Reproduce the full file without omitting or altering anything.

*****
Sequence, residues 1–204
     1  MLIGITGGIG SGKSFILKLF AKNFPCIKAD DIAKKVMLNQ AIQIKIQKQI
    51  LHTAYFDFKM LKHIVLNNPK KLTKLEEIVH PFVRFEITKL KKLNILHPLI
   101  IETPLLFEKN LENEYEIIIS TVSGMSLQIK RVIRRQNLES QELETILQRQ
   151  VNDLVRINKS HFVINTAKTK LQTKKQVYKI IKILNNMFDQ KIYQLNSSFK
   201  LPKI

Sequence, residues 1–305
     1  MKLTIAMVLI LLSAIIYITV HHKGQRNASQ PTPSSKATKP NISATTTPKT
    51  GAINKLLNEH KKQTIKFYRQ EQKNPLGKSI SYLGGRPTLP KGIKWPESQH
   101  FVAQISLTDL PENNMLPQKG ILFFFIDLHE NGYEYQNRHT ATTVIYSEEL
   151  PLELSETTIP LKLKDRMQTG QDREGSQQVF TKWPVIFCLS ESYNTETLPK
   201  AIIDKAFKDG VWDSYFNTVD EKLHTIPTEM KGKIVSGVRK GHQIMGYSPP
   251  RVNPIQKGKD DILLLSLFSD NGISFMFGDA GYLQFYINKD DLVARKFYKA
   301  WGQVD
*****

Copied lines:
Sequence, residues 1–204
     1  MLIGITGGIG SGKSFILKLF AKNFPCIKAD DIAKKVMLNQ AIQIKIQKQI
    51  LHTAYFDFKM LKHIVLNNPK KLTKLEEIVH PFVRFEITKL KKLNILHPLI
   101  IETPLLFEKN LENEYEIIIS TVSGMSLQIK RVIRRQNLES QELETILQRQ
   151  VNDLVRINKS HFVINTAKTK LQTKKQVYKI IKILNNMFDQ KIYQLNSSFK
   201  LPKI

Sequence, residues 1–305
     1  MKLTIAMVLI LLSAIIYITV HHKGQRNASQ PTPSSKATKP NISATTTPKT
    51  GAINKLLNEH KKQTIKFYRQ EQKNPLGKSI SYLGGRPTLP KGIKWPESQH
   101  FVAQISLTDL PENNMLPQKG ILFFFIDLHE NGYEYQNRHT ATTVIYSEEL
   151  PLELSETTIP LKLKDRMQTG QDREGSQQVF TKWPVIFCLS ESYNTETLPK
   201  AIIDKAFKDG VWDSYFNTVD EKLHTIPTEM KGKIVSGVRK GHQIMGYSPP
   251  RVNPIQKGKD DILLLSLFSD NGISFMFGDA GYLQFYINKD DLVARKFYKA
   301  WGQVD